Secondly, while NATO undergoes its second transformation, also known as NATO 3.0, Turkey’s position as a staunch ally has come under threat, due to a perceived Islamization of the country. But what is seen as a progressive accommodation with ‘rogue states’ like Syria and Iran is rather the first piece of a great puzzle called “zero-problem foreign policy”, Turkey’s new foreign stance has been conceptualized and implemented largely as the result of the long-term strategic vision of foreign minister Ahmet Davutoğlu with Turkey’s approach to regional security much more multifaceted than some Western analysts imply. A closer look at the portfolio of new partners, including traditional foes like Armenia, Russia shows that Turkey has not only focused on a Muslim axis, but evolved into a regional pole. It has made serious investments in building a functioning security radius, despite the challenges and risks; among other organizations, Turkey is a major player in the naval task force BLACKSEAFOR, the Development 8 (D8), the Organization of the Black Sea Economic Cooperation (BSEC) or the Joint Administration of Turkic Culture and Art (TURKSOY).
Ultimately though, to improve its ties to Europe, Ankara needs to make its process of political transformation more transparent. It will require a committed and concerted effort on the part of Turkey to convince the skeptical minds at the Atlantic Alliance and the EU that these changes are not tending toward the creation of a modern Ottoman caliphate or a Muslim axis. Rather, it should be demonstrated that the position of the ‘new Turkey’ – though more assertive and independent – will nevertheless remain compatible with occidental secular and democratic values.
Two major changes in European security identity redlined Turkey as a security player: Since the EU aspired to become a security actor in its own right, NATO’s, thus Turkey’s, presence in the European safety management has decreased. Secondly, the EU took over the security functions of the Western European Union, where Turkey is Associate Member. This important metamorphose made Turkey in the new European security architecture de facto obsolete. As a matter of fact, the EU Common Security and Defense Policy marginalized Turkey’s security role.
Future of Euro-Turkish relations
The categorical exclusion of Turkey from a European security identity and/or EU accession negotiations would have abrupt and serious consequences. For example, Turkey’s withdrawal of its application for EU membership might paralyze the operational functionality of Europe’s security architecture – especially if Turkey’s unique location and regional relationships are kept in mind. Besides a lack of future cooperation in the case of a crisis in the neighborhood, Turkey might also refuse to share its intelligence data with European terrorism task forces. In addition, it could potentially make use of its veto right to prevent the EU from utilizing certain NATO assets.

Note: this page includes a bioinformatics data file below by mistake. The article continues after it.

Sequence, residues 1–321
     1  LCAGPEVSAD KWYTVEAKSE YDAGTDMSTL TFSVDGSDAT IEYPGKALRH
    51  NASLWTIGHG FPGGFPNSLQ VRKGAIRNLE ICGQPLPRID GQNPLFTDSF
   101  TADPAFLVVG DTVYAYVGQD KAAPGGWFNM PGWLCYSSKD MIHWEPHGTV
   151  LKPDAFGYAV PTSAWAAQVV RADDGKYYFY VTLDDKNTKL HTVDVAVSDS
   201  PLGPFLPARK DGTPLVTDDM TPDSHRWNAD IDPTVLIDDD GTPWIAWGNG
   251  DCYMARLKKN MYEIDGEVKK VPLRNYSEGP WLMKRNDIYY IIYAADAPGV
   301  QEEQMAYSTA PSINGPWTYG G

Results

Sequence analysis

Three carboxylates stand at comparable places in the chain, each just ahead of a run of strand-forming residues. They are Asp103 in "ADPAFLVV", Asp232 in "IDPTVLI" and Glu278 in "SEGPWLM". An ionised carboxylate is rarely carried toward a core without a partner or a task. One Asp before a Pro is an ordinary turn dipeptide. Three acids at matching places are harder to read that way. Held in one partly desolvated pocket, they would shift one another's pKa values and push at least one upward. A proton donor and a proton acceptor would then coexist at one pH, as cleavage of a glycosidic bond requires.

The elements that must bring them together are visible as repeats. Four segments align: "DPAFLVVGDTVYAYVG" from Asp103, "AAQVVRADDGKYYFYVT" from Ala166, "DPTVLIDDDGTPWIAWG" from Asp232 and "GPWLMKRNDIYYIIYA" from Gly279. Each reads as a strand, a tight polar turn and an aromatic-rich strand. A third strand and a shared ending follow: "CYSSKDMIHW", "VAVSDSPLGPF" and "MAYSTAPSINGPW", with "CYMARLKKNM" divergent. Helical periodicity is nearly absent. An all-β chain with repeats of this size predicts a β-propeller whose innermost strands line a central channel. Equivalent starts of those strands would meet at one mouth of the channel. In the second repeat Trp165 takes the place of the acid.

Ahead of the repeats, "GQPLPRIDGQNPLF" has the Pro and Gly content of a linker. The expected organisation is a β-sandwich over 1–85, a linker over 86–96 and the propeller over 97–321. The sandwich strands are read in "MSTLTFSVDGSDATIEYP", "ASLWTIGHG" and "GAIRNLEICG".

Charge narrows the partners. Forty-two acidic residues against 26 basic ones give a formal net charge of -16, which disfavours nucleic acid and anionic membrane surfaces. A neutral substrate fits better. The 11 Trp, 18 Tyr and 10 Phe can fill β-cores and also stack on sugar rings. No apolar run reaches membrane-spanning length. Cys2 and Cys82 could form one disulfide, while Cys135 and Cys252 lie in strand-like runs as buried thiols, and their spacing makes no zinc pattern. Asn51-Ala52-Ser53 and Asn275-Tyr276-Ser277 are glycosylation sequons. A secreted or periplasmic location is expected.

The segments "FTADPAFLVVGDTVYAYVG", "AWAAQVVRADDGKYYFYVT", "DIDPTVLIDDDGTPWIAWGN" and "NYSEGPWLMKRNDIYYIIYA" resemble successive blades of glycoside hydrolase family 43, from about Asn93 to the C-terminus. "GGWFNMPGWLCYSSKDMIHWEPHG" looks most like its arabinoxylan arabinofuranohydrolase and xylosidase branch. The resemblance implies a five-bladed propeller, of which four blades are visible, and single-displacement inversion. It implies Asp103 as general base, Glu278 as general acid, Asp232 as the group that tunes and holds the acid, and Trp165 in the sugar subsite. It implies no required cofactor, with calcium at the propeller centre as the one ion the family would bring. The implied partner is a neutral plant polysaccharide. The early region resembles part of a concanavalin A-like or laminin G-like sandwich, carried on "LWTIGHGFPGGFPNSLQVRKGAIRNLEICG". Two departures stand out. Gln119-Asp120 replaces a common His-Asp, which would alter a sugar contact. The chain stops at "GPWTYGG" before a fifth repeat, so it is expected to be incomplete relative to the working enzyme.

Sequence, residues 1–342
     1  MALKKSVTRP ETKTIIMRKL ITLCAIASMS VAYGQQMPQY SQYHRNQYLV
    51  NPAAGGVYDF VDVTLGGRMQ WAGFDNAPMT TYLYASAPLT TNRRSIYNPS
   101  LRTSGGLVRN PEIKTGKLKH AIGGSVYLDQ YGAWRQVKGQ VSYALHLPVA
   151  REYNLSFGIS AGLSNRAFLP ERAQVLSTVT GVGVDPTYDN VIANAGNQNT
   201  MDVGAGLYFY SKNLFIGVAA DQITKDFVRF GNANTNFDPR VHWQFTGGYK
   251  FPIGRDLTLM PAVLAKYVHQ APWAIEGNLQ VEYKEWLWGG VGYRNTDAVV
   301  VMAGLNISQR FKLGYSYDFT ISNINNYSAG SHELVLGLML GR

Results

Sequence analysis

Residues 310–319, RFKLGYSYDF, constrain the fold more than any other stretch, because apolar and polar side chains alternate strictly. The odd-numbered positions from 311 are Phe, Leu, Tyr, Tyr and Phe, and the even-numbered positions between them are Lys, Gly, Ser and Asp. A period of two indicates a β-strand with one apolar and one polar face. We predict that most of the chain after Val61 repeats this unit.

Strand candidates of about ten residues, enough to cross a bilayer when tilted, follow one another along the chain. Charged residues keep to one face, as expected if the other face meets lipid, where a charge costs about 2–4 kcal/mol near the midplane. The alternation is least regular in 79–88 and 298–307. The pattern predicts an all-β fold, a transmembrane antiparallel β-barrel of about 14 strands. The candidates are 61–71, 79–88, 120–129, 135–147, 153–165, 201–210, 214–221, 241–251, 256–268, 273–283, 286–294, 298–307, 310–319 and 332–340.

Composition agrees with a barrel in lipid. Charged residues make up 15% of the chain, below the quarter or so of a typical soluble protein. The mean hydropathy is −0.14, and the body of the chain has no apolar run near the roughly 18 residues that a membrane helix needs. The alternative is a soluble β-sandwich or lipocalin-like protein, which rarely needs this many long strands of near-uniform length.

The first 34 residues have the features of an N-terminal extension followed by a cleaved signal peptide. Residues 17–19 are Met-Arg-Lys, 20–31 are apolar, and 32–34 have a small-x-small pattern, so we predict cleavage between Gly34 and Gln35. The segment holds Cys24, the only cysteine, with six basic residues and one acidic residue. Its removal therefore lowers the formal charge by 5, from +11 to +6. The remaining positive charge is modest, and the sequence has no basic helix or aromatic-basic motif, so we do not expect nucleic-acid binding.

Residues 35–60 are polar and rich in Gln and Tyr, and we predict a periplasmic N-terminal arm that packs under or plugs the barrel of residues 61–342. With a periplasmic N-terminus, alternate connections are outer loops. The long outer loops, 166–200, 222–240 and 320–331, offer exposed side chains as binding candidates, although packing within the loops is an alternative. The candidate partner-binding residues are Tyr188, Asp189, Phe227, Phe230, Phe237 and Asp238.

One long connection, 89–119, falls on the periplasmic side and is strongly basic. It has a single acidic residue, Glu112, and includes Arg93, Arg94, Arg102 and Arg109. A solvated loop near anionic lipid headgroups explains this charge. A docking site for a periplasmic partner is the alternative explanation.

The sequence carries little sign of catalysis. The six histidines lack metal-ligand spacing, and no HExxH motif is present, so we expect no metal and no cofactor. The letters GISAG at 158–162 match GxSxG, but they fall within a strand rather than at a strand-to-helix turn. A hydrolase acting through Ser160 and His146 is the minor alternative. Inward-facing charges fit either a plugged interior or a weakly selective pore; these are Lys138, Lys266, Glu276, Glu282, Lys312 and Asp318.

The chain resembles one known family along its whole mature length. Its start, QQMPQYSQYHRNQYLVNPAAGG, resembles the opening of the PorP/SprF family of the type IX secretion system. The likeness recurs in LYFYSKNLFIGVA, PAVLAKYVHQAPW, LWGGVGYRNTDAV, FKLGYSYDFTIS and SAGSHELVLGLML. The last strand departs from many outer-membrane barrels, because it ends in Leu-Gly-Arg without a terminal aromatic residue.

Europe should instead accept its partner’s ‘otherness’ without trying to drastically change it, but, at the same time, should not be ashamed of engaging in geopolitical strategic maneuvers – necessary in a world of conflicting interests.
Geostrategic interaction between Europe and Turkey, colored as it is by occasional conflict and disagreement, is not the manifest expression of a ‘clash of civilizations’. Although the relationship is still characterized by a degree of mistrust, suspicions should be curbed and put into perspective: Turkey started its foreign policy reorientation several decades ago. For the sake of a safer and more prosperous Euro-Muslim relationship – Turkey should be more deeply integrated into the European security and energy realms, as well as key regional decision-making processes. It will only be through such a determined, collaborative effort, that the foundations of the Euro-Muslim relationship will continue to rest on solid ground now, and in the future.
An alumnus of the Graduate Institute of International and Developments Studies, Andrea Bonzanni has been a consultant for the United Nations Economic Commission for Europe and a research assistant for the World Development Report of the World Bank. He regularly comments on energy affairs and international politics at WorldPoliticsReview.com and Affarinternazionali.it. He is currently a teaching assistant at Sciences-Po in Paris.
Dorukhan I Aras has worked as the Assistant to the Representative of the Rector of the United Nations University in New York and held a traineeship in the Human Rights section of the Permanent Mission of the Republic of Azerbaijan to the UN in Geneva. He studied International Relations, with a focus on International Security, at the Université de Genève and Geneva School of Diplomacy and International Relations. Published by International Relations and Security Network (ISN)